My aim in this entry is to point up the anguish our "nonideological" city officials create among neighbors when they let policy be driven by community groups alone. Angry, frustrated outsiders are forced to rise up and give legitimacy to their unheard concerns. In my opinion, one dissenting voice, unincorporated as it may be, should be enough to raise concern about any proposal. That is what the deliberative process is about: any rational objection must be debated. A wise alderman would anticipate the concerns, notify, bring in the stakeholders, moderate, and find compromise.

Thursday, May 11, 2006

Lincoln Avenue SSA commissioners

Last week, Alderman Daley gave me the names of her slate of commissioners for SSA #35: Sam Sanchez, Cary Stamp, Joseph Quartana, Susan Keegan, and Neer Patel. It appears Mrs. Daley has eroded the effect our input was supposed to have. ALARM's proposed slate may look very similar — the only difference being that we preferred independent Lincoln Park native Joe Vartanian (MaxBar, Crobar) over Sam Sanchez (John Barleycorn) and wanted Don Reidelberger over Joseph Quartana — but the subtle changes Mrs. Daley has made would shift control squarely into the hands of the chamber's adherents: three of the five nominees are chamber members; furthermore, Sam Sanchez was the chamber's biggest booster for the tax and Joe Quartana is also gung ho on it. There is no non-chamber business owner and there is no residential renter, and these together comprise the largest constituency on the strip. This is a profound shame. Keep in mind that our original agenda was to have this SSA commission use its power to spend its first year reviewing the premise of the tax and its source, and spending only a minimum on necessities. I have questioned the lack of community process from the very beginning (see, e.g., Ben Joravsky, "Are You Taxing Yourself?", Chicago Reader, Nov. 4, 2005, p. 8, "Stop Lincoln Ave. SSA," Inside, Nov. 2-8, 2005, p. 9-10, and "Lincoln Avenue SSA gets tentative approval," Inside, Nov. 23-29, 2005) and I am afraid this is more of the same blind boosterism.

Chinese at Alcott School

Today, WBEZ featured Alcott School's Chinese program (see their May 11 schedule; also a widely cited New York Times article). Principal David Domovic told me the good news: CPS has funded one terrific (certified) Chinese teacher, Ms. Hong Wei Yu, but they really need a second one. He says budget constraints and federal law make it very difficult to meet the demand for a good idea like this one. No Child Left Behind forces CPS to use only state-certified teachers, while there are many great Chinese teaching candidates who aren't.

Now, I love Chinese. When I worked in China, I had to use it every day. I use it only infrequently here. I recognize the benefits of language learning and would love to get my son into LaSalle Language Academy this fall. Yet, while Chinese will be increasingly important in American business and culture, Spanish already is important and is likely to remain far more useful than Chinese, particularly for Chicago. If given a choice, I'd rather my son learn Spanish first, Chinese later. Yet, according to the NYT article, Lincoln Park parents may disagree with me: "At Alcott, 160 students from kindergarten to fifth grade are studying Spanish, compared with 242 taking Chinese, although not without occasional frustration." Was Chinese chosen over Spanish by the parents, or the children?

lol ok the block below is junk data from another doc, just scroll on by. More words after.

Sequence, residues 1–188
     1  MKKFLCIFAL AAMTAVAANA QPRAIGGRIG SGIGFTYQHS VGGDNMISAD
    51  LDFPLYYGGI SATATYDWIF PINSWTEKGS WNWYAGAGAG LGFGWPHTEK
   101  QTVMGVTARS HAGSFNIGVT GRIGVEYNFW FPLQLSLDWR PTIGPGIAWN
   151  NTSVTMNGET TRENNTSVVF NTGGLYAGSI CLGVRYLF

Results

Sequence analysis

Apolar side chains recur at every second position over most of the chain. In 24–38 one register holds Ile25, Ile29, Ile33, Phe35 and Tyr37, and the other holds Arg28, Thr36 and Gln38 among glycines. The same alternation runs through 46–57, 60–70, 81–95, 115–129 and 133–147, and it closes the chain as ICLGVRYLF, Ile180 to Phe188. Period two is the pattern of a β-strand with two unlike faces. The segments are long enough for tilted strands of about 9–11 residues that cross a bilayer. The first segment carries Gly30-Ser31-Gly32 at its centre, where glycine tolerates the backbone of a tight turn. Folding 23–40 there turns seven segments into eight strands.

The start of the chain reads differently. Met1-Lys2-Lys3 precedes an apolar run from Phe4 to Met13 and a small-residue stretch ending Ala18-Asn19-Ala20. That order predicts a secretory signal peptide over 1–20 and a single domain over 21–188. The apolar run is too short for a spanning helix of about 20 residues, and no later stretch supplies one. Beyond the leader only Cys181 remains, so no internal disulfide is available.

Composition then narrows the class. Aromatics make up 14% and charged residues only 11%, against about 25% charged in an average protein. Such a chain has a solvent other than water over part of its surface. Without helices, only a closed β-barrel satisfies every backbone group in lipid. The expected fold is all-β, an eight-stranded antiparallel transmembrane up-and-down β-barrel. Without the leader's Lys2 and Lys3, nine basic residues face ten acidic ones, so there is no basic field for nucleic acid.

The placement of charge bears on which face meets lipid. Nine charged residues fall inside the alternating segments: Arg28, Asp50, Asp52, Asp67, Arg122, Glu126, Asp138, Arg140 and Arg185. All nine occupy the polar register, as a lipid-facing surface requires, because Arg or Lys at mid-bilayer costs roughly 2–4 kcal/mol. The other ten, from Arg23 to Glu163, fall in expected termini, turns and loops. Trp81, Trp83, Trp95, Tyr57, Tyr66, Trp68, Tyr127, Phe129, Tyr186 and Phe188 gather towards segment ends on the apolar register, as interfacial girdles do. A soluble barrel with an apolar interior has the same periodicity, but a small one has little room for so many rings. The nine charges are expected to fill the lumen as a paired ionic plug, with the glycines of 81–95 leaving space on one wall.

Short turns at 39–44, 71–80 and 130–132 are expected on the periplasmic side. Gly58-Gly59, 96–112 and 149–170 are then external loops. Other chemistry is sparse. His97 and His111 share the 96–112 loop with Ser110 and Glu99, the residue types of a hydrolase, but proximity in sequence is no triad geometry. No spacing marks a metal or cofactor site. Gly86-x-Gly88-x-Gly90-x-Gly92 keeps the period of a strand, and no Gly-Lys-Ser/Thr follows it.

Well, I've finally gone and started a blog. I've worked on the Internet and its predecessors continuously for 30 years, and I never thought I'd see the day that I would want to use something like this. Having been inundated with technology since childhood, I'm a little bit conservative: I still feel print journalism is more useful and relevant than the Web and that we should focus on local media. While I see the benefits, I have tended to look down on blogs. But here I am. I want to talk about issues in the 43rd Ward.

Relevant trivia: Naturally, I know that the BBS was born in Chicago. (I personally got Mayor Daley to issue a proclamation for the 25th anniversary of the BBS.) Dozens of other innovations that are used every day online were developed here and at nearby universities. But I only recently learned that blogging was invented by my old friend Jorn Barger, an ancient fixture in Chicago computer circles and an expert in artificial intelligence theory. He had what he called a web log for his notes on AI, and someone shortened the name to 'blog. Jorn really gets around, so I wasn't too surprised that I didn't know. But I was surprised when I mentioned this to his ex-roommate last night and he didn't know!